IVF Frozen Embryo Dispute cases are becoming more common. Specific Canadian statutory sections and regulations require the consent of both “parents” without a current clause allowing the court to decide tough cases. Our skilled IVF Frozen Embryo Dispute lawyers predict a Charter of Rights challenge will be filed in the near future to enable a judge to be able to break a deadlock when one “donor” wants to use the frozen embryos after separation or death of one of the ‘donors”. A key part of the disputed case just released by the Ontario Court of Appeal was the fact that neither parent contributed their own genetic material to the frozen embryos. The question becomes more difficult when the parent’s own genetic material is used and when the use of the embryos may be the only way for a parent to have a child at all.
IVF Frozen Embryo Dispute Call 1 877 602 9900
A new Ontario Court of Appeal decision has ruled that federal Canadian legislation, Assisted Human Reproduction Act, S.C. 2004, c. 2 [AHRA], and the Assisted Human Reproduction (Section 8 Consent) Regulations, S.O.R./2007-137 (“Consent Regulations”), requires the consent of both parties after separation for embryos to be able to be used and the right to withdraw consent cannot be contracted away.
 The parties are divorced. When they were still married, they decided to use in vitro fertilization (“IVF”) in their efforts to have a child. IVF involves the combining of sperm and ova outside of the human body to create embryos that can be later transferred to a uterus to continue developing. The parties contracted in 2011 with a lab in the United States to create the in vitro embryos. The lab combined the reproductive material from two anonymous individuals whom the parties had selected and four in vitro embryos resulted, two of which were viable. Neither party contributed their own reproductive material to the embryos. The viable embryos were then frozen in a process known as cryopreservation.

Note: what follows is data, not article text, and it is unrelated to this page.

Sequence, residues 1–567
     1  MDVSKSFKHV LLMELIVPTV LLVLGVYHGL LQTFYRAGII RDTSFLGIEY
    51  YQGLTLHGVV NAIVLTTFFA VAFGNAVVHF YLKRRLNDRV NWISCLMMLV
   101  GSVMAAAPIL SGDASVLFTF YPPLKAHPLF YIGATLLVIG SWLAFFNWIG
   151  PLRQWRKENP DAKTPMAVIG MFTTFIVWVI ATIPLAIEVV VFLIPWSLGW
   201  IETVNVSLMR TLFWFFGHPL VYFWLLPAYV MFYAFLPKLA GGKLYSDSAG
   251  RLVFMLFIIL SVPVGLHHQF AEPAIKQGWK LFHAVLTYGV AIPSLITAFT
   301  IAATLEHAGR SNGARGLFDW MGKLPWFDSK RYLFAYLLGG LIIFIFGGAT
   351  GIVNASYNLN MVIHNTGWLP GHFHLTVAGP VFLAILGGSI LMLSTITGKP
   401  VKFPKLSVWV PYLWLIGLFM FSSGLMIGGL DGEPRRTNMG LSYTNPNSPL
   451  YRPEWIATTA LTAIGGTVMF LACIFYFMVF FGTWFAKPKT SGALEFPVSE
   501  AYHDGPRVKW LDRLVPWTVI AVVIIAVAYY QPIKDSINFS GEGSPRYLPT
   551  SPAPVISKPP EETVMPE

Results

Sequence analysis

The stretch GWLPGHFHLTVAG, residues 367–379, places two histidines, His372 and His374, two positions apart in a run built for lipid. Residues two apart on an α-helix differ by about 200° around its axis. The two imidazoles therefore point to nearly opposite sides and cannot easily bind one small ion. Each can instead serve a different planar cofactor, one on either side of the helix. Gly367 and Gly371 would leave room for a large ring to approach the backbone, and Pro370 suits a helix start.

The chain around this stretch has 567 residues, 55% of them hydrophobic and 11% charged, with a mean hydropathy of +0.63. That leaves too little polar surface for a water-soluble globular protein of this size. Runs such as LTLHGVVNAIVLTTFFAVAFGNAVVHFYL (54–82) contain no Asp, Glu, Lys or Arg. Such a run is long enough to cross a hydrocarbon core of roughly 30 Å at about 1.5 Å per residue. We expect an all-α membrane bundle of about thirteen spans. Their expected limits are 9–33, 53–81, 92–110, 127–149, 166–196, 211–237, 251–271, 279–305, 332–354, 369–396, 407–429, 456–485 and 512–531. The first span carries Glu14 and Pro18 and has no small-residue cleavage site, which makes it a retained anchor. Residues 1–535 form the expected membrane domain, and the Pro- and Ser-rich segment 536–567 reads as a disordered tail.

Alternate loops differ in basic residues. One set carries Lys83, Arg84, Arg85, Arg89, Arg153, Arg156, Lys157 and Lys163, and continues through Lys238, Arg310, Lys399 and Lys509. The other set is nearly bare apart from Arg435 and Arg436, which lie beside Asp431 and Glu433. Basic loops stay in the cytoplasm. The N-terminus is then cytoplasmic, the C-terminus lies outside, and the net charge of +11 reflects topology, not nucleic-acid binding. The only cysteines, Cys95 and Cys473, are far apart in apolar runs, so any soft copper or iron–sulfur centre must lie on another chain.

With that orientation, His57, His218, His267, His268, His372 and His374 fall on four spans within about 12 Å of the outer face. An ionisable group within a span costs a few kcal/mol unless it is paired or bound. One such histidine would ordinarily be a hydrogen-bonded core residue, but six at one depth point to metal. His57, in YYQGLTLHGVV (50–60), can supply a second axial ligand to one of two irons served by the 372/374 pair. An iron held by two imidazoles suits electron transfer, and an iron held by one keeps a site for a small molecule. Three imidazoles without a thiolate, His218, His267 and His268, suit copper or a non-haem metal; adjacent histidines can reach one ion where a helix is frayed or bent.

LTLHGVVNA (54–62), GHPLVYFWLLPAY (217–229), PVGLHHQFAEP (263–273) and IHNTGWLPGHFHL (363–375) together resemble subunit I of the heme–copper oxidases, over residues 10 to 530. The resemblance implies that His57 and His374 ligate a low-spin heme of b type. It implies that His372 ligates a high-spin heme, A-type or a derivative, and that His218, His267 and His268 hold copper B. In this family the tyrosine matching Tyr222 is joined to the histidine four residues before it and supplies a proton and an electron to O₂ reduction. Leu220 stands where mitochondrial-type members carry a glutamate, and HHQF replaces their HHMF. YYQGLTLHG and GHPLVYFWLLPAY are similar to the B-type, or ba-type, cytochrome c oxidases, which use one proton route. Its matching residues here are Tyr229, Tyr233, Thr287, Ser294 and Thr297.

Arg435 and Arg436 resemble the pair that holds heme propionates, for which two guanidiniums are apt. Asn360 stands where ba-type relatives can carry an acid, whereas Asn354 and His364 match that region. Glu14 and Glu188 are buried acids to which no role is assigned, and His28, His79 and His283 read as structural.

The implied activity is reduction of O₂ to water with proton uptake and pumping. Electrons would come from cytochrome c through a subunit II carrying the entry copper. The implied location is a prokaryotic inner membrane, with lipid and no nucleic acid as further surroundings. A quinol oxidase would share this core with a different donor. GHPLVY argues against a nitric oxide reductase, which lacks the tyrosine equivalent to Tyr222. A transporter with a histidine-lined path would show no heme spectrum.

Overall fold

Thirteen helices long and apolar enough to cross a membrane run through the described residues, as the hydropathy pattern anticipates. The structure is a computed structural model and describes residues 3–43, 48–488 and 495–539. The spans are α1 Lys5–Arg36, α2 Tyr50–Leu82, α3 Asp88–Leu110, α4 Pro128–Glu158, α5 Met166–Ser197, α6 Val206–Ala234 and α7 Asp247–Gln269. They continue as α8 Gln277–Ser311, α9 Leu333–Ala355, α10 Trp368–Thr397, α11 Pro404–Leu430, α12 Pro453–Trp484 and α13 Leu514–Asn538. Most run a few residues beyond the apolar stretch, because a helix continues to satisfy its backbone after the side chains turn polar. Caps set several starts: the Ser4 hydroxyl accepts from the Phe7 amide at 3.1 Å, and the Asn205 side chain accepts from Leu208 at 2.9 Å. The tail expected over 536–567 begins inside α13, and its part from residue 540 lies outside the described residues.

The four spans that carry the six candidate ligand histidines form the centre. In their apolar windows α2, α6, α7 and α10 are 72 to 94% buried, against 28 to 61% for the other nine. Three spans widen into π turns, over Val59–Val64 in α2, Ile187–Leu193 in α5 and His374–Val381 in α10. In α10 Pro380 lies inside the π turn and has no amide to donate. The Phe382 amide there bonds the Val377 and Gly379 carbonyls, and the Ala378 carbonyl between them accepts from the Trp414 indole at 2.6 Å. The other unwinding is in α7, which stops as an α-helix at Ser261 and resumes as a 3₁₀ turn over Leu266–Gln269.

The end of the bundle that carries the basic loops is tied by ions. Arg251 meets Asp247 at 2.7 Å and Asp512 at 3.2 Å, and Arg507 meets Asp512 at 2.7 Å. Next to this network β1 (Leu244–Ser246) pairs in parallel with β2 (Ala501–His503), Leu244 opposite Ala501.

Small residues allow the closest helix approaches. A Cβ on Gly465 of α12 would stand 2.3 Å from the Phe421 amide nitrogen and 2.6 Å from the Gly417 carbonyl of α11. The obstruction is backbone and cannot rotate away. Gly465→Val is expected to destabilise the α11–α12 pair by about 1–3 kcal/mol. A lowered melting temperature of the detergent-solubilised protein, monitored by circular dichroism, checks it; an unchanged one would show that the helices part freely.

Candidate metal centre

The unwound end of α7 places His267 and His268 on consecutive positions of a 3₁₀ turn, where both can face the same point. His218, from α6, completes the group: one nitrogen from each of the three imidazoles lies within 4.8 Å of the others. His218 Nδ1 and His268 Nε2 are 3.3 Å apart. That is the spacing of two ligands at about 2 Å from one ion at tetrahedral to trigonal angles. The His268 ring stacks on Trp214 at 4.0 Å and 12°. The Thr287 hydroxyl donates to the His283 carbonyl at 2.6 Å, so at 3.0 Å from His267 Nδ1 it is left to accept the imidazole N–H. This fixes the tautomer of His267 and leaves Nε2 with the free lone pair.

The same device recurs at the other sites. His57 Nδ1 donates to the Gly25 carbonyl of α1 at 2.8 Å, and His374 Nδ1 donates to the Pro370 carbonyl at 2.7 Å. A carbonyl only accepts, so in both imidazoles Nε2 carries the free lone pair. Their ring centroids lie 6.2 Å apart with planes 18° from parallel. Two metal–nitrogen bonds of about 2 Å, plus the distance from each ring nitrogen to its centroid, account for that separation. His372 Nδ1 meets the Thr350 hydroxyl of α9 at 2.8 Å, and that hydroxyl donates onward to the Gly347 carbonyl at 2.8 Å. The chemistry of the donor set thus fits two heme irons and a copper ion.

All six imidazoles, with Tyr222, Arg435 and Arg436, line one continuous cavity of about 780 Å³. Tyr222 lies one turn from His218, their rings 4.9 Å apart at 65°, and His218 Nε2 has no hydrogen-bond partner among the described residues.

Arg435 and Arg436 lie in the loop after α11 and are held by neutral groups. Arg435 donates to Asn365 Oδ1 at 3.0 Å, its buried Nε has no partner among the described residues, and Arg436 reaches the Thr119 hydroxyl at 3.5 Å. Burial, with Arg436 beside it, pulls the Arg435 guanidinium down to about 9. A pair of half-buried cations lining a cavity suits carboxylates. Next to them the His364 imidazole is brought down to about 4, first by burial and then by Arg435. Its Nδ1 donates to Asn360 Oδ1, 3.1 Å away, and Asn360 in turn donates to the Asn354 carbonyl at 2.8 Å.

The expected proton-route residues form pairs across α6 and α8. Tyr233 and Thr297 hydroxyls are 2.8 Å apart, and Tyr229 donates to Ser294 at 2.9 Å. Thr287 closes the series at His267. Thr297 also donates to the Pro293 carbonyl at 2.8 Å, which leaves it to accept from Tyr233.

Shortly after their creation, the embryos were sent to a lab in Canada and one was implanted into the respondent. She became pregnant and a child was born. Shortly after the birth of that child, who is now six years of age, the couple separated and eventually divorced. They share custody of their child.
 The dispute that lies at the centre of this case is about the use that can be made of the remaining cryopreserved in vitro embryo. The respondent (ex-wife) wishes to have that embryo implanted into her. Any child resulting from that process would be a full biological sibling to the parties’ child. The respondent says that if the IVF is successful, and a child is born, she will not seek any form of child support from the appellant. Although the appellant (ex-husband) consented to the respondent’s use of the embryo when it was created, he has changed his mind and now wishes to withdraw his consent. At this stage, the appellant is only prepared to have the embryo donated to a third party.